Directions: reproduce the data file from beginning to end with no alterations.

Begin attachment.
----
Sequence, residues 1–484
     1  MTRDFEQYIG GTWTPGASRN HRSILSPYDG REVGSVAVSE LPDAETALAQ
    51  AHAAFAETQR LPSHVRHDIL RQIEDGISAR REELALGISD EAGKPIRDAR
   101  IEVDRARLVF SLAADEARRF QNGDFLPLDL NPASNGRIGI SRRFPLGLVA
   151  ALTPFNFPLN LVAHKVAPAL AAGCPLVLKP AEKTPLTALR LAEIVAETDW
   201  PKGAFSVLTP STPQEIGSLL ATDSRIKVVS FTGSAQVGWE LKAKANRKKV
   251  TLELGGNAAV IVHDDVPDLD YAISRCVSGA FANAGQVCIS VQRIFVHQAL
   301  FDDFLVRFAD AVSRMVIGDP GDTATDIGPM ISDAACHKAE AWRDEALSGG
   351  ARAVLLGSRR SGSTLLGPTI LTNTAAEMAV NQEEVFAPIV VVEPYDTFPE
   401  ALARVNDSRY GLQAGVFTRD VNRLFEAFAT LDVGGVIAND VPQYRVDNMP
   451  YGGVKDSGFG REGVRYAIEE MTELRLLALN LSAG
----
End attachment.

Sequence, residues 1–484
     1  MTRDFEQYIG GTWTPGASRN HRSILSPYDG REVGSVAVSE LPDAETALAQ
    51  AHAAFAETQR LPSHVRHDIL RQIEDGISAR REELALGISD EAGKPIRDAR
   101  IEVDRARLVF SLAADEARRF QNGDFLPLDL NPASNGRIGI SRRFPLGLVA
   151  ALTPFNFPLN LVAHKVAPAL AAGCPLVLKP AEKTPLTALR LAEIVAETDW
   201  PKGAFSVLTP STPQEIGSLL ATDSRIKVVS FTGSAQVGWE LKAKANRKKV
   251  TLELGGNAAV IVHDDVPDLD YAISRCVSGA FANAGQVCIS VQRIFVHQAL
   301  FDDFLVRFAD AVSRMVIGDP GDTATDIGPM ISDAACHKAE AWRDEALSGG
   351  ARAVLLGSRR SGSTLLGPTI LTNTAAEMAV NQEEVFAPIV VVEPYDTFPE
   401  ALARVNDSRY GLQAGVFTRD VNRLFEAFAT LDVGGVIAND VPQYRVDNMP
   451  YGGVKDSGFG REGVRYAIEE MTELRLLALN LSAG